Taiwan Legalizes Same-Sex Marriage

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Taiwan Legalizes Same-Sex Marriage

The Taiwanese parliament has passed three bills that will essentially legalize gay marriage on the island nation.

 

TAIWAN -- Lawmakers in Taiwan have approved a bill legalizing same-sex marriage, a landmark decision that makes the self-ruled island the first place in Asia to pass gay marriage legislation.

The vote came almost two years after the island's Constitutional Court ruled that the existing law -- which said marriage was between a man and a woman -- was unconstitutional. The panel of judges gave the island's parliament two years to amend or enact new laws.

On Friday -- only a week off the two-year deadline -- lawmakers in Taiwan's Legislative Yuan passed a bill making same-sex marriage a reality. It will go into effect on May 24.

Although the island has a large gay community and its annual gay pride parade is the biggest in Asia, the issue of marriage equality has bitterly divided Taiwanese society. In a controversial referendum in November last year, 67% voted to reject same-sex marriage.

In recent months several groups have campaigned against same-sex marriage reform, pushing for a law that would see gay marriages redefined as something closer to same-sex unions.

Tens of thousands of people stood in pouring rain outside parliament Friday to support same-sex marriage.

The successful Cabinet bill was the only one of three to use the word "marriage." It was backed by LGBTQ groups, despite the fact it could see same-sex couples denied rights enjoyed by heterosexual couples, such as adoption and cross-national marriage.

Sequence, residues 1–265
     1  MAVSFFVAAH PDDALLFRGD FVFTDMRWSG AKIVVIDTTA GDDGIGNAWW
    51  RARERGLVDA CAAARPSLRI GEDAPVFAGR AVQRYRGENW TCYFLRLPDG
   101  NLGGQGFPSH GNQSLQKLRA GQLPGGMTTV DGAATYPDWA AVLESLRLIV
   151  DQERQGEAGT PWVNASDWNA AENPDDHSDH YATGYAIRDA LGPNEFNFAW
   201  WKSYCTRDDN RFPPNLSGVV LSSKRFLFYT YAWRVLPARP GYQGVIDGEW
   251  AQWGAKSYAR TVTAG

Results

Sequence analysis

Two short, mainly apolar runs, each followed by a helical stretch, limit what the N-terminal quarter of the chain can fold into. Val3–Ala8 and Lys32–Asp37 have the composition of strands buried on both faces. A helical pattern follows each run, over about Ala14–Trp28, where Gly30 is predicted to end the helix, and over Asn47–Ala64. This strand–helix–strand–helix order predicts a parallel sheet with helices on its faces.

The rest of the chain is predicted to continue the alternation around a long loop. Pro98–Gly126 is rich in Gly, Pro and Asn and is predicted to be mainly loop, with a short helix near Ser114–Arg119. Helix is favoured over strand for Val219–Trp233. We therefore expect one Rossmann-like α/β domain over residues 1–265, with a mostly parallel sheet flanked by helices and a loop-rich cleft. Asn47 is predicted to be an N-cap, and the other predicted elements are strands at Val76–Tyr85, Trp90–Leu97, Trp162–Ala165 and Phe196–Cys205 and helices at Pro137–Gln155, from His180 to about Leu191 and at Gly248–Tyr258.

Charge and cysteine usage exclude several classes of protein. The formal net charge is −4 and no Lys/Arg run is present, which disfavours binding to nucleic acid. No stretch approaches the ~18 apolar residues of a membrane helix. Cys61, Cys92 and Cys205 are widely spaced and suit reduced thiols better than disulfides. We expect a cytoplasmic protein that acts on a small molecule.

Taiwan's vote sets it apart from other parts of Asia where LGBTQ rights have regressed.

In mainland China, where homosexuality is legal but prejudices and discrimination against LGBT people persist under Communist Party rule, an author of same-sex erotic fiction was sent to jail for 10 years in November.

In April, the ruler of the tiny, oil-rich kingdom of Brunei announced he would introduce death by stoning for those convicted of gay sex. Sultan Hassanal Bolkiah has since said the death penalty will not be imposed, although he did not repeal the law.

In Indonesia, declining secularism has led to deepening discrimination against the country's gay, lesbian and transgender communities. Last year, two men accused of being gay received 87 lashes for gay sex in the country's conservative Aceh province.

More than two dozen countries around the world allow gay marriage, according to Pew Research.

(PHOTO: Sam Yeh/Getty Images)

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